In reaching its decision, the ECHR accepted that Mr. Barbulescu's rights to respect for his private and family life, his home, and his correspondence under Article 8 of the European Convention on Human Rights were engaged by his employer's conduct. However, the Article 8 right is not an absolute right. The ECHR focused on the fact that the company only accessed Mr. Barbulescu's private communications because it believed that they contained professional communications.
The decision makes very clear that any monitoring of employee's private and personal communications must be for a legitimate purpose and be a proportionate means of achieving that purpose. In this case, that meant that any monitoring of employee internet-use was focused on company resources, tied to a company policy, limited in scope, and proportionate.
For the full article on this decision, please click this link to Proskauer's International Labor and Employment Law blog.
Lock v British Gas – Should commission payments be included in holiday pay?
The latest chapter in the ongoing litigation around the Working Time Directive and whether commission payments should be included in holiday pay has been delivered by the EAT. The EAT has upheld the decision of the Employment Tribunal that domestic legislation could be interpreted in a way which conforms to the requirements of the Working Time Directive (the "WTR").
By way of reminder, Article 7 of the Directive provides that member states must ensure that workers have the right to at least four weeks' paid annual leave. However, it does not specify how this should be calculated. The Directive is implemented into UK law by the WTR, which provide workers with 5.6 weeks' annual leave (i.e., in the UK workers are entitled to more holiday than the minimum required by the Directive).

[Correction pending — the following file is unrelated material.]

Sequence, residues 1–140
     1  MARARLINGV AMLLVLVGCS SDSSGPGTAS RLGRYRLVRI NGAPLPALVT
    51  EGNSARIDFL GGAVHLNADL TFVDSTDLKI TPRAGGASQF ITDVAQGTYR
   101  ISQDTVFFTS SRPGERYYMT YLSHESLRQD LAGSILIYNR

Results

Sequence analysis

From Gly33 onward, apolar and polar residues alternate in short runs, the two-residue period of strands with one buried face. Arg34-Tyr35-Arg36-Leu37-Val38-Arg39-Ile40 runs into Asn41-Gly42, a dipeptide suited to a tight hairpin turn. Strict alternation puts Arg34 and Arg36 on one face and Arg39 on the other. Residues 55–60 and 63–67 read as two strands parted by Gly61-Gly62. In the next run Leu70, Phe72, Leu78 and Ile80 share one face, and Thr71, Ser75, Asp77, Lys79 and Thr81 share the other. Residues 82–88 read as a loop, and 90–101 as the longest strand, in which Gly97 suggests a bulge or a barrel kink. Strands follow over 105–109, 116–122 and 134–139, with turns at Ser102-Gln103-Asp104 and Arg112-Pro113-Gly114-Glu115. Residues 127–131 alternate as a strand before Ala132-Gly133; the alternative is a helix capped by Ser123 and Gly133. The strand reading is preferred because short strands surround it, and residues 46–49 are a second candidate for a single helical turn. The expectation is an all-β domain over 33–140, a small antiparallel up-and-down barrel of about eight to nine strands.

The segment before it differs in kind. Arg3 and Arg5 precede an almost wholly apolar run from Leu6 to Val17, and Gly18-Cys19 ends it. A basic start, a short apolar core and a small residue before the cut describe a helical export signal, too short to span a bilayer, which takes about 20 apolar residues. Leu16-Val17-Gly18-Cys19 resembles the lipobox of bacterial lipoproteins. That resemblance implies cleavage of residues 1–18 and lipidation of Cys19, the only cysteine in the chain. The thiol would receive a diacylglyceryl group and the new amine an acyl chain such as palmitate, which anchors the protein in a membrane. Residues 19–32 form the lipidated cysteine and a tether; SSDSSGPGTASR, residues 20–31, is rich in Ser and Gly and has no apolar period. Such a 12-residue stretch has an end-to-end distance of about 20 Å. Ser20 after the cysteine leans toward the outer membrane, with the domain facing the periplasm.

Workers are entitled to be paid at the rate of a week's pay for each week of leave, calculated in accordance with provisions contained in the Employment Rights Act 1996 ("ERA 1996"), which makes a distinction between employees with "normal working hours" and those with "no normal working hours". Generally, a worker with normal working hours will have a week's pay calculated by reference to those hours. A worker without normal working hours will have a week's pay based on average weekly remuneration (including certain overtime pay, bonuses and commission) over a 12-week period.
Mr Lock was employed by British Gas Trading Limited as an internal energy sales consultant. He received a basic salary plus commission on the sales that he achieved. The commission made up approximately 60% of his remuneration. Mr Lock had normal working hours, whose remuneration did not vary with the amount of work done (rather it varied based on the sales he achieved). As a result, based on the WTR, his holiday pay was calculated on his basic salary only and did not incorporate his commission.
Mr Lock took statutory annual leave between 19 December 2011 and 3 January 2012. His holiday pay during this period was based on his basic salary only and did not incorporate any commission. Mr Lock brought a claim in the Employment Tribunal under the WTR for the commission he could have earned had he not been on holiday for the period he was on holiday.